There is such a plethora of bottles designs at the historical house of Guerlain that the perfume bottle collector is spoilt for choice: With a history that can be traced back to 1828, when Pierre-François-Pascal Guerlain opened his first shop on Rue de Rivoli in Paris and covering almost two centuries, Guerlain has produced over 300 fragrances and an equally impressive number of bottle designs. Out of them all some are more worthy of mention either due to their beauty or their proliferation. One of them which covers both grounds is the "umbrella bottle", thus referenced due to its elegant shape that resembles a closed umbrella pointing downwards.
The "umbrella" bottle (officially known as "flacon de sac", bottle for the purse) started its illustrious career while head perfumer was Jacques Guerlain, in 1952 and continued under his grandson's, Jean Paul Guerlain's tenure as well. Its span of production covers easily more than 2 decades, until the end of the 1970s. All the perfumes that were circulating during that time-frame in extrait de parfum (pure parfum) were encased in this famous design, with the single exception of Nahéma (1976).
Despite several sellers on auction sites and Ebay stating it as Baccarat crystal, this design is assuredly not. The official Guerlain archives state three verreries producing moulds for it:
Pochet et du Courval, Brosse and Saint-Goabin -Desjonquères, all in the quarter of an ounce size. Rarely however is there a mark of which verrerie produced the flacon style in question, contrary to some other bottle designs in the line. Early specimens of the "umbrella bottle" have been sporting the name-label directly on the flacon, while later ones have a string from which two ends unite under a hang tage with the name of the perfume. Each of the extrait presentations had a different box, reflecting the themes and colour-schemes that inspired the original fragrances as well, as depicted above. From left to right, we can see the pink and green case with the two G interwined for Chant d'd’Arômes (1962); the zebra-printed Vol de Nuit presentation, inspired by far away travels and corresponding to the Saint-Exypéry travel novella of the same name; the chequed ivory of the legendary Jicky (1889); in silver tones lies the Jean Paul Guerlain creation inspired by Chagan's novel Chamade (1969); next there is the classic lithography of L'Heure Bleue (1912) and Mitsouko (1919); the iconic Shalimar is encased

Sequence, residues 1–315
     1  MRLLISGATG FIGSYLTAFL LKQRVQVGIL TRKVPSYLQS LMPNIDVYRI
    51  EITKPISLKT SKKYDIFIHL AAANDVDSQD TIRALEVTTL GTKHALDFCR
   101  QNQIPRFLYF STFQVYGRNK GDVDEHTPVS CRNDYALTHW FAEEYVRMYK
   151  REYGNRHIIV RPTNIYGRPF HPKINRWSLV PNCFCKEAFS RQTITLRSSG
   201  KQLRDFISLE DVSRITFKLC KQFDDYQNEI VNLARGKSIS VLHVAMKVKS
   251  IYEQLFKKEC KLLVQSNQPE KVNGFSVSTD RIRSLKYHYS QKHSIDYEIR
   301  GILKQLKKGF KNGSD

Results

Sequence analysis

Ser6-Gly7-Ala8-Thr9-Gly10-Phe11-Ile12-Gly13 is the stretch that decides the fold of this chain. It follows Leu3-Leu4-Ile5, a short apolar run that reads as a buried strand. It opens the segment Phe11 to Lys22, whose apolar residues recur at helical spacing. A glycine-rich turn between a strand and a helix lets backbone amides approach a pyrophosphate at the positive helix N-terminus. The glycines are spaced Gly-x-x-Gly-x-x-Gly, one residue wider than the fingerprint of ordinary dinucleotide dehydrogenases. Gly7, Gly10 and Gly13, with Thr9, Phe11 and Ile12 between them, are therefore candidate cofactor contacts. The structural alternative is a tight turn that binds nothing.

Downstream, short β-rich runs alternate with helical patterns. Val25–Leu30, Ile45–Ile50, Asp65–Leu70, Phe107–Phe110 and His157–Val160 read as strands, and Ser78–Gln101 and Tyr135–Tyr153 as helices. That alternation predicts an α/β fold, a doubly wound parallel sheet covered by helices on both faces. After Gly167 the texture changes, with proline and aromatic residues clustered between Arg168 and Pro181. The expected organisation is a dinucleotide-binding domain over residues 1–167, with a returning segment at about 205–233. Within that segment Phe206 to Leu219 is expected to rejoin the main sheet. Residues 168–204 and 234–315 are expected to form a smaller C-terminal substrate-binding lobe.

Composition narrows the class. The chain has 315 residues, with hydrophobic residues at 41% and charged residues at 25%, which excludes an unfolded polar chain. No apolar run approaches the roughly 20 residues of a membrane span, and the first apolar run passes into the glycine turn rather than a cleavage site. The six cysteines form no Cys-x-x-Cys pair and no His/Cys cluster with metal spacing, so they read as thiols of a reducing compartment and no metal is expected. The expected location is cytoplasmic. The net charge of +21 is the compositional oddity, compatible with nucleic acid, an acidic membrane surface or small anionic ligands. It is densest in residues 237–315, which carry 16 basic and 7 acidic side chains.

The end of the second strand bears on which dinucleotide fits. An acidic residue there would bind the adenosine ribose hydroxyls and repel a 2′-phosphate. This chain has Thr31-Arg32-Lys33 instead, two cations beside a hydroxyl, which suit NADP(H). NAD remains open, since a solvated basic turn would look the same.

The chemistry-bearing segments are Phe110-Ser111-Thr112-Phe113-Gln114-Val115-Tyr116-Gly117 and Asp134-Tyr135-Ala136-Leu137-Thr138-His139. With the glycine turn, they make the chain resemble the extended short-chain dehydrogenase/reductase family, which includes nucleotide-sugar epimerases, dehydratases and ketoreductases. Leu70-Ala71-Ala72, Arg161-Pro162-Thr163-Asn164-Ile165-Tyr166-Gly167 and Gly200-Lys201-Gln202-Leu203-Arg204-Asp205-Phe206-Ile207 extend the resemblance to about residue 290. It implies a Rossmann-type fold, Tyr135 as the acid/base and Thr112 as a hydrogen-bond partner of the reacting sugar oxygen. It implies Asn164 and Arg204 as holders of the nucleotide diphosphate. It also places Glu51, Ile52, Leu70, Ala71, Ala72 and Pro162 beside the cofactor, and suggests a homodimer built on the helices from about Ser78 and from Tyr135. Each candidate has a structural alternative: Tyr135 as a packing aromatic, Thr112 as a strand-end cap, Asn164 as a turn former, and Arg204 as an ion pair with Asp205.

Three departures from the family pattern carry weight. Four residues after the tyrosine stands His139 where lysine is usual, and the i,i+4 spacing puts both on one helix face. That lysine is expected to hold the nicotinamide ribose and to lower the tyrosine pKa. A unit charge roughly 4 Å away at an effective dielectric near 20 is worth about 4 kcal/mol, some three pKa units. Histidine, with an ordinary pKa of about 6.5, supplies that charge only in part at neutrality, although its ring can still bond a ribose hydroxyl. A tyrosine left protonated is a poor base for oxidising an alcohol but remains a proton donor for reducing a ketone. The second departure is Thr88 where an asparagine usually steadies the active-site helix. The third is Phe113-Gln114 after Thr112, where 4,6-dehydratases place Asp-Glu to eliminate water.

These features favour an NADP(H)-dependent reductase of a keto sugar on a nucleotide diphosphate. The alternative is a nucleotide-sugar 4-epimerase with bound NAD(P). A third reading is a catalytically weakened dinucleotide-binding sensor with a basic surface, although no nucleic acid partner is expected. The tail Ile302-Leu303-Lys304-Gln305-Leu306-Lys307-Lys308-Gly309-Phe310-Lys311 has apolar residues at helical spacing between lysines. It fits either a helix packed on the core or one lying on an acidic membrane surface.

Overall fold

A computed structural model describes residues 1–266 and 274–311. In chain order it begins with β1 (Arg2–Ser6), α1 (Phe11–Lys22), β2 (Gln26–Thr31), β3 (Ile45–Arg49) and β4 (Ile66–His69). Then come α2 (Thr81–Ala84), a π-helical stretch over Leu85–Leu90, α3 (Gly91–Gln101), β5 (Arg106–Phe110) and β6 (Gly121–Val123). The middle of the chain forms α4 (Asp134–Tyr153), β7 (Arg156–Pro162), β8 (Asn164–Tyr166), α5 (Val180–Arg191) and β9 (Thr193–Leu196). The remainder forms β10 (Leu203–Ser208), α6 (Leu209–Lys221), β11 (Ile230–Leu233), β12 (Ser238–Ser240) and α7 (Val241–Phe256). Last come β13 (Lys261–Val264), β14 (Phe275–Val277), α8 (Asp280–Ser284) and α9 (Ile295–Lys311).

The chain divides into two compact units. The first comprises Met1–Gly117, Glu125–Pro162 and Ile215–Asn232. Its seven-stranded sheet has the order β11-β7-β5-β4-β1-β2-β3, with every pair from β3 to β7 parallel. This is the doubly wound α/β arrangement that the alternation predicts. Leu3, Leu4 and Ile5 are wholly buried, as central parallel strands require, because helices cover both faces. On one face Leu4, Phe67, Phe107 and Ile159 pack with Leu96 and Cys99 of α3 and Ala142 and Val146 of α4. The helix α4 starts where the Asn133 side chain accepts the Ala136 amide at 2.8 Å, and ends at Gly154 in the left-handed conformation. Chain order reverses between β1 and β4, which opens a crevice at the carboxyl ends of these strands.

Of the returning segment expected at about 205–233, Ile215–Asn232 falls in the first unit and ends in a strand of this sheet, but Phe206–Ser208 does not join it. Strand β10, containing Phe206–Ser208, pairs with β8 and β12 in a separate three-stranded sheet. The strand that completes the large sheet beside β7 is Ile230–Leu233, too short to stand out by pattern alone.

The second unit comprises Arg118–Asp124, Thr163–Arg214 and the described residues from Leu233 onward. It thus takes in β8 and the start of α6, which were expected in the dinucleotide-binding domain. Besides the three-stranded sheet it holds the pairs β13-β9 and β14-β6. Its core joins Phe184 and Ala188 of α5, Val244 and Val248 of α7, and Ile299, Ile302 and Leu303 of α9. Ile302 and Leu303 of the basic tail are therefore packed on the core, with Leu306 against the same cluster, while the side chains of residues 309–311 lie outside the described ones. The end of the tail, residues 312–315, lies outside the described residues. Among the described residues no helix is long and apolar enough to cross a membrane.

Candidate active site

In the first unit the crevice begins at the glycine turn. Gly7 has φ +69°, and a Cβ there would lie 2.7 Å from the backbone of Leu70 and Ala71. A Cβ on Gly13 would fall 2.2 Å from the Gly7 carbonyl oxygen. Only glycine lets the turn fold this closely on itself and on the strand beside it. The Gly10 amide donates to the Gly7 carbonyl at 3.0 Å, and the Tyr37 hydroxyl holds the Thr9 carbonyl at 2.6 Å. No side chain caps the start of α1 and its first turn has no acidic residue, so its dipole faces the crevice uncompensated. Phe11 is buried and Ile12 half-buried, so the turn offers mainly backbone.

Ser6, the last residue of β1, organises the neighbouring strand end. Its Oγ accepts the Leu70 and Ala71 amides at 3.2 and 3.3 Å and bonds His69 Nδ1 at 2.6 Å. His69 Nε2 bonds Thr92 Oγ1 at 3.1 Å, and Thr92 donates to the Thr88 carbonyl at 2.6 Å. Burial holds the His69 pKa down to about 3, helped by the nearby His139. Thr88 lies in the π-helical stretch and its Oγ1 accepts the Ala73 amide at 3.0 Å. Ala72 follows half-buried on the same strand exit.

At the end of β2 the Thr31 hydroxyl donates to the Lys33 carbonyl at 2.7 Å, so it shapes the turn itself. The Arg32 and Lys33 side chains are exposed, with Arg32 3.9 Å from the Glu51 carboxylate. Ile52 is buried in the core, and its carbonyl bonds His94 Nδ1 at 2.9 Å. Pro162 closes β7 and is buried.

in regal purple velvet, while the aqua-toned sleek box is for Parure, a plummy chypre creation by Jean Paul from 1974.
Ebay prices for these flacons fluctuate between $75-125, depending on the condition of the bottle and label as well as the existence or not (and subsequent condition of course) of the presentation box.
Less usual versions are those including a leather-pouch such as the one depicted for Liù (1929): It was a special edition for the USA only. (The very concept of this flacon is carrying it in the purse, hence "flacon de sac" being its official name in archives, yet the ideal of luxurious travel via American airlines ~very en vogue during the 1950s and 1960s~ was the source of inspiration for several 'travelling" paraphernalia of which some specimens are truly beautiful).
Much rarer and thus highly collectible is a special edition of Vol de Nuit which is commemorating the nuptials of Prince Rainier of Monaco to Grace Kelly in 1956. The box has a lovely inscription on the inside silken panel, dedicated to the marriage of the prince and the Hollywood actress, bearing the date of the wedding as well (Monaco, 15 Avril 1956). Guerlain always knew how to romanticize their art, allowing us to dream a little...
Related reading on Perfume Shrine: Guerlain series, Fragrance history, Frequent Questions
thanks to Dominique Chauvet/Milan for original photography.